It’s anyone’s best guess whether some recent attempts to link representative thinkers of African (American) intellectual traditions to political cultures not befitting their oeuvre emanate from noxious political cultures themselves, or whether such moves made largely in the public arena are simply intellectually dishonest or lazy. What is clear about these intellectual projects is that they are contemptible. One such project has been the now en vogue exercise among an emergent intellectual class in African America, that relishes in showing the “conservative” and/or “elitist” nature of thinkers who have preceded them, many of whom are (in)directly responsible for these pundits’ very existence. Less scholars, more self-described cultural critics and “race” writers, these commentators are the contemporary carriers of the strain of thinkers identified and denounced in Adolph Reed’s 1995 broadside, “What Are The Drums Saying, Booker?” Things seemingly have gotten worse. For in recent years, a number of the newer cultural critics have begun to tie the theoretical logic of the “politics of respectability” and its neoconservative trappings unwittingly to intellectual positions in the work of thinkers whose vocation was the utter evisceration of the anti-Black politics responsible for what Jacob Carruthers would say, “this mess that we’re in.”
This is all more than ironic. Why such analyses are not more often shunned may reveal the widespread ignorance regarding the ideological foundation of African thinking traditions in the modern era. More often than not, resistance to the oppressions of African people was the product of self-contained and autonomous spaces for engaging and acting upon ideas, which gave even what respectability theorists would consider “elite” institutions a nationalist and/or radical bent. So it should seem odd to then connect their work to contemporary neoconservative thought… but such exercises are welcomed as “nuanced.” To evoke a recent talk by Gerald Horne, the work of critics of this ilk, are simply put, not serious. In fact, it brings to mind other absurdities like Glenn Beck marshaling the words of Martin Luther King, Jr. to denounce decidedly moderate political ideas.
These analyses may also reveal that there has not been a clear embrace, among the emergent generation of public intellectuals, of Africana intellectual history. It seems as if the era of sound-bite media has filtered itself into the arena of writing, where one only needs to conceptualize the bits and pieces of particular ideas to employ them in whatever contexts may (or may not) fit. A cogent tradition of intellectual work becomes malleable. Why this is unacceptable should be clear. Yet it fits American media proclivities in the twenty first century. It works. It generates ratings. It generates hits. It’s cool. Ironically, respectability in this field, what some call the chattering class, becomes the ability to translate African ideas and thoughts to white audiences—and in ways that are outwardly defined, as the spaces that existed to support African thought in early times (i.e. the Black press) do not hold the positions of influence they once did. How they emerge, through what institutions they are birthed, are key issues. But regardless of the answer, the imperative is that these thinkers be checked. They must be critiqued seriously, for it is only though a clear conception of intellectual history that ideas are passed down. The clutter must be removed. The passageway must remain clear.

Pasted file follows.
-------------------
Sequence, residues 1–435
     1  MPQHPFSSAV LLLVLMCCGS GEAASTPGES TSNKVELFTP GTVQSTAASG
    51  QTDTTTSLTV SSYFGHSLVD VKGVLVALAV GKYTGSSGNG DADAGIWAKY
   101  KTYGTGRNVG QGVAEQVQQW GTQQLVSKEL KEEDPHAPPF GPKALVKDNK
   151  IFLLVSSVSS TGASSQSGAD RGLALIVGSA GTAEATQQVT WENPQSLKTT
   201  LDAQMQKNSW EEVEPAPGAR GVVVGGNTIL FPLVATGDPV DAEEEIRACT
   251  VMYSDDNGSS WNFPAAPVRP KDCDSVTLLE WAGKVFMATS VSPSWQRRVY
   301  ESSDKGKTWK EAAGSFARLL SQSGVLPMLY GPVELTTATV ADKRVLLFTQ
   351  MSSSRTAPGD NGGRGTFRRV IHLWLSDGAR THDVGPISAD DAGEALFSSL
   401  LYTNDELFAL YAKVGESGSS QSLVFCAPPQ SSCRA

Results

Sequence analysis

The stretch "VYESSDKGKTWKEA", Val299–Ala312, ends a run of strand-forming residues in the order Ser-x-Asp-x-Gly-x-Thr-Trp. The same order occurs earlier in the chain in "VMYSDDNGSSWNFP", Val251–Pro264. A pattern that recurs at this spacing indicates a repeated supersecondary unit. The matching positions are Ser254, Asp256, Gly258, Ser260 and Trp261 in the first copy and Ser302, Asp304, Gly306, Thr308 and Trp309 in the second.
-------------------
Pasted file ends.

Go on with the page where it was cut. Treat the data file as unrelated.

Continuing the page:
While the new thinking class has its own standards of respectable race talk, it is the misreading of the politics of respectability and African thought that concerns us here. In recent moments, there have been a few instances where representatives of genealogies of African thinkers have been dallied about only to connect them to ideas unfaithful to the spirit out of which the original ones were conceived. An example from this past week comes from Ta-Nehisi Coates, the brilliant and thoughtful “race” writer for The Atlantic. Coates’ work has been deservedly well received, yet it cannot escape the fundamental contradictions inherent in representing “the race” to an American public—a public largely unwilling to understand (at least in the modalities that currently exist) the complicated nature of race, especially from Black voices. A contradiction made clear in the work of Nikhil Pal Singh, Cedric Robinson, and others, where what becomes public discourse about race is merely the permissible and constraining language that reduces people raced in America to their aspiration to achieve normative whiteness—or to look cool while failing (The Shawn Carter way). These are public spaces that rely on the truncation of historical memory, for after all, provocative arguments trump all.
Coates’s “On the Death of Dreams” is another example of the now well-worn citations of President Barack Obama’s persistent personal responsibility diatribes. But in this particular instance, Coates begins by juxtaposing his critique of Obama’s speech commemorating the 50th anniversary of the March on Washington, with an extended quote from W.E.B. Du Bois’s 1896 address, “The Conservation of Races,” delivered at the founding of Alexander Crummell’s American Negro Academy. And if this weren’t awkward enough, he prefaces the quote by giving it the honorific of “the original poundcake speech,” evoking Bill Cosby’s speech delivered at the 50th anniversary of the Brown vs. Board of Education, where he essentially castigates Black culture as the primary issue responsible for the ills of the African community in America.